Currently, 21 ongoing COVID-19 clinical trials have reported interim results, out of which 16 showed positive early results
With the number of COVID-19 cases and deaths increasing with each passing day, the need for a therapeutic or a vaccine for the pandemic intensifies. Currently, 21 ongoing COVID-19 clinical trials have reported interim results, out of which 16 showed positive early results, says GlobalData, a leading data and analytics company.
Scotty Chung-Siu, Senior Analyst of MPH, GlobalData, comments, “These clinical trials are in phases, with 69 per cent of them in early stage trials (Phase I to Phase II). Majority of them are investigating different drugs, either alone or combination treatments, with one using a secondary intervention. The four multinational clinical trials that are planning to enroll the most subjects are investigating remdesivir, sarilumab and bevacizumab. One of the drugs that recently had positive clinical trials results is remdesivir.”
The majority of these trials started in 2020, just after the news broke about the virus. These trials have an estimated end date between April 2020 and March 2021 that will provide more data on the efficacy of the treatments for COVID-19.
Chung-Siu continues, “The results from a Phase III ongoing trial by Gilead evaluating the safety and efficacy of remdesivir in patients with severe COVID-19 were announced on April 29, 2020. Remdesivir demonstrated similar clinical improvement in patients receiving a 10-day treatment to those receiving a five-day treatment.
“In addition, more than half of the patients were discharged by Day 14 in both treatment groups while also achieving clinical recovery. Lastly, the drug candidate was well tolerated in both subject groups. A second clinical trial using remdesivir reported preliminary results on April 29, 2020. The trial reported a 31 per cent faster recovery time over those who received placebo. In addition, the recovery time was 11 days for patients who were treated with remdesivir, compared to 15 days for placebo.”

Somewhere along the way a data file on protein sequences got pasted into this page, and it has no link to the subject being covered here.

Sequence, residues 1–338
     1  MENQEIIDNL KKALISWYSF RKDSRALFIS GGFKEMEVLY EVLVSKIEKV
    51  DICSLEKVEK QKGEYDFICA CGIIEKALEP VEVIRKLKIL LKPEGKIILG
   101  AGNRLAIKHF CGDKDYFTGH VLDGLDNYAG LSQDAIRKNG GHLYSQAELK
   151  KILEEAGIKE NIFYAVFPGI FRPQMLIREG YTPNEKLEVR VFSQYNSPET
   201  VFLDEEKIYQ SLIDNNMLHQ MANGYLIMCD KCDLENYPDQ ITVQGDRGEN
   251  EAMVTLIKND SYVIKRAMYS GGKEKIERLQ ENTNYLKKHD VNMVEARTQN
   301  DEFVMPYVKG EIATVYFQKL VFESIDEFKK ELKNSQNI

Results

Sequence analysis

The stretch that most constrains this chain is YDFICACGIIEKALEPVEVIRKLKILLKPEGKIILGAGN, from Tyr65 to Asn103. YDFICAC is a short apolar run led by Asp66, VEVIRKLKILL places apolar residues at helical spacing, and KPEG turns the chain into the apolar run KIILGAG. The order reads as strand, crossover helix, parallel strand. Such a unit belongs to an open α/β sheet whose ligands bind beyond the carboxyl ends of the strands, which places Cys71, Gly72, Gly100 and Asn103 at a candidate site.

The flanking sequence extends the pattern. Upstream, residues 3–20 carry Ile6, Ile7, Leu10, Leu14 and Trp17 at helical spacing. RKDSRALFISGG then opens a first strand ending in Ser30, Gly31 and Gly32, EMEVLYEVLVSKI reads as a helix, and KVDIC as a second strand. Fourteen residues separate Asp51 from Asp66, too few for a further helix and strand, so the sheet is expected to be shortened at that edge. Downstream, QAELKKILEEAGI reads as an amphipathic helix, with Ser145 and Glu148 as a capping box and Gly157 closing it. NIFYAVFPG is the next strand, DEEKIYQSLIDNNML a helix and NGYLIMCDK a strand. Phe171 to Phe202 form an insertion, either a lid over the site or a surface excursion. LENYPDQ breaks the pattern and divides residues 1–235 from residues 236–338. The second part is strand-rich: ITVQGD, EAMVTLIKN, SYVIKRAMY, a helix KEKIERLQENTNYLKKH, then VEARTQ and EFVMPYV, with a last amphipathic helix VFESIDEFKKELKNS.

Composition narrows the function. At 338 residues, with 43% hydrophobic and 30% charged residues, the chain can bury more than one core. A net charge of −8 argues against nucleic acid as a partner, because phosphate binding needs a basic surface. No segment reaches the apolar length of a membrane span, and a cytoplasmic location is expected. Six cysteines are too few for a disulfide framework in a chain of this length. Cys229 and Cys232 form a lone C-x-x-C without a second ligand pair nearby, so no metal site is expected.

Not all of the drugs had positive results. Hydroxychloroquine, an immunosuppressive drug often touted by US President Donald Trump, has recently failed to meet endpoints and saw adverse events in a retrospective study. Moreover, the patients treated with hydroxychloroquine had a higher mortality rate. Nonetheless, the number of clinical trials investigating hydroxychloroquine or chloroquine as a primary or secondary drug continues to expand.
Chung-Siu concludes, “There are two clinical trials that showed early negative results for efficacy and safety. One is a Phase III clinical trial evaluating the efficacy and safety of darunavir and cobicistat in the treatment of COVID-19 pneumonia. The other study is a Phase II clinical trial to evaluate the safety and efficacy of chloroquine for the treatment of hospitalized subjects with severe acute respiratory syndrome. Both interventional trials have the same expected end date of August 31, 2020.
“While many of the current COVID-19 clinical trials show promising early results, conclusions can only be drawn once the final data are reported. With 597 planned clinical trials, there will be more data to draw insights in the coming months and possibly a key drug candidate treatment for COVID-19 will emerge,” Siu said.